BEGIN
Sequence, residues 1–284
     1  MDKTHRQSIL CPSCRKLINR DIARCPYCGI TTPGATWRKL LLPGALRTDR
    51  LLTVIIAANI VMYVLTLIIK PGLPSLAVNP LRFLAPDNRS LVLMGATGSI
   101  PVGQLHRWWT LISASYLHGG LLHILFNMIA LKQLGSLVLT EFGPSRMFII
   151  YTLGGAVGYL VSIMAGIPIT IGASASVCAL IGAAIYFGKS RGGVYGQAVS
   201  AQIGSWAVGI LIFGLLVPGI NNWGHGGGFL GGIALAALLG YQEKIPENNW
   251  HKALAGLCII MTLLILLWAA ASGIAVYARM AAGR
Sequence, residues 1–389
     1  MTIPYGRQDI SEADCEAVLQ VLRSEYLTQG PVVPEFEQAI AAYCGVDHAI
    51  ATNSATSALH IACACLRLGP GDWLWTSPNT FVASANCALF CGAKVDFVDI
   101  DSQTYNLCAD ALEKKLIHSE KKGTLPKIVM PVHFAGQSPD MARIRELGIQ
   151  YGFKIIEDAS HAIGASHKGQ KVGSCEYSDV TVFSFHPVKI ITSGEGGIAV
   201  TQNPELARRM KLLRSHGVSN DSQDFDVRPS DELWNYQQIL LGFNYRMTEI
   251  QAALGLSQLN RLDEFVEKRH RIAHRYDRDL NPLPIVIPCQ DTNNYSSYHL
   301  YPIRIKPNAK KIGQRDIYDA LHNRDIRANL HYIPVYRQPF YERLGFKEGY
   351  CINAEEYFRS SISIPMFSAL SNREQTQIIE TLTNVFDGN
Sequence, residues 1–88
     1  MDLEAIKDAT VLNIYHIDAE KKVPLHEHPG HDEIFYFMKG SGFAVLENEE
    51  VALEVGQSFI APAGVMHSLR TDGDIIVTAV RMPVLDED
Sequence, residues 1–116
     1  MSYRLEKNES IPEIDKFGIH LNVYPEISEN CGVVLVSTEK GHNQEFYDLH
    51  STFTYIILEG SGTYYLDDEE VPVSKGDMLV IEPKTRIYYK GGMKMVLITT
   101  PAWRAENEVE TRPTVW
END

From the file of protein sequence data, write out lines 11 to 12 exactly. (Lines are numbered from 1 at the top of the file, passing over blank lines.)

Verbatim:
   101  DSQTYNLCAD ALEKKLIHSE KKGTLPKIVM PVHFAGQSPD MARIRELGIQ
   151  YGFKIIEDAS HAIGASHKGQ KVGSCEYSDV TVFSFHPVKI ITSGEGGIAV